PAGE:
A treatment regime is a rule that assigns a treatment, among a set of possible treatment options, to a patient as a function of his/her individual characteristics, hence \personalizing" treatment to the patient. A goal is to identify the optimal treatment regime; that is, the regime that, if followed by the entire population of patients, would lead to the best outcome on average. Given data from a clinical trial or observational study, for a single treatment decision, the optimal regime can be found by assuming a regression model for the expected outcome conditional on observed treatment and covariates, where, for a given set of covariates, the optimal treatment is the one that yields the most favorable expected outcome. However, clearly, treatment assignment via such a regime is suspect if this regression model is incorrectly specified. Even if misspecified, such a regression model defines a class of regimes; moreover, for reasons of cost, interpretability, or feasibility of implementation, investigators may wish to focus on a class of regimes having a certain form. Accordingly, rather than focusing on the optimal regime, we consider finding the optimal regime within a specified class by finding the regime that optimizes an estimator of overall population mean outcome. To take into account possible confounding in an observational study and to increase precision, we use a doubly robust augmented inverse probability weighted estimator for this purpose. Simulations and application to data from a breast cancer clinical trial demonstrate the performance of the method. Joint work with: Baqun Zhang, Northwestern University; Anastasios A. Tsiatis and Eric. B. Laber, North Carolina State University This is the annual UGA-Clemson Joint Seminar held at Clemson this year.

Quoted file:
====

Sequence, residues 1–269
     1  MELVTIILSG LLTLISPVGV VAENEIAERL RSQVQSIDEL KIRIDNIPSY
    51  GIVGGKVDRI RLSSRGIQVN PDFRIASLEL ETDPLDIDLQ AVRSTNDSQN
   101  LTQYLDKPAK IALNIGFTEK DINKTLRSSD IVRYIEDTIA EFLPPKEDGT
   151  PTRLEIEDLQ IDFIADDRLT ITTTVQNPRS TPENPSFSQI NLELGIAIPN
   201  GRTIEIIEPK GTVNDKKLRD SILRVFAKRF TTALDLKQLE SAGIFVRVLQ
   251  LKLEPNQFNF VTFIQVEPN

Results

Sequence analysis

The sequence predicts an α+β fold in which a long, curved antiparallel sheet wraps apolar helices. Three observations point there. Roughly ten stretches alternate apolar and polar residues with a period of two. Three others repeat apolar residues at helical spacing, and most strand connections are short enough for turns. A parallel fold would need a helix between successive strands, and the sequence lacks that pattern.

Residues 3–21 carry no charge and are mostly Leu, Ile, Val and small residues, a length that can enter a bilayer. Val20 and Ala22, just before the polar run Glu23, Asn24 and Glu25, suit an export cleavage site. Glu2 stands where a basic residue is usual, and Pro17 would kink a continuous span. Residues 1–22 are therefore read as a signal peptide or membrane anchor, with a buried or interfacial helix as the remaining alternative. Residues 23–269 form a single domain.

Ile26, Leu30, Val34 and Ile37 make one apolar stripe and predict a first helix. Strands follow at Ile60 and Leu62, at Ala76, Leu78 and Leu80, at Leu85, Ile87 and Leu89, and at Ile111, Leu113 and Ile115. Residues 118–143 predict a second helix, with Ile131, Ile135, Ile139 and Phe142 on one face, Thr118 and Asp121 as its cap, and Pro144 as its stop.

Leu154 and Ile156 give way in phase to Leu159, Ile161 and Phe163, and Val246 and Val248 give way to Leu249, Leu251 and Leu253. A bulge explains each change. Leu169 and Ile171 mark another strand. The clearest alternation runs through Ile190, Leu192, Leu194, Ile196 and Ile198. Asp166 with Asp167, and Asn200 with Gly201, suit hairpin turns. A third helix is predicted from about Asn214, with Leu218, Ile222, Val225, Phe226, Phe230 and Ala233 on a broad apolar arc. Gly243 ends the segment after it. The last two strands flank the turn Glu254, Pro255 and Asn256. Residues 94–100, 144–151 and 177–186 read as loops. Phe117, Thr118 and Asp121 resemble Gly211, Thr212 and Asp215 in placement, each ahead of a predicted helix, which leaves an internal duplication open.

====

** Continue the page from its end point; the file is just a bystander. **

<a href='http://www4.stat.ncsu.edu/~davidian/">North Carolina State University</a>
M-101 Martin Hall, Clemson University
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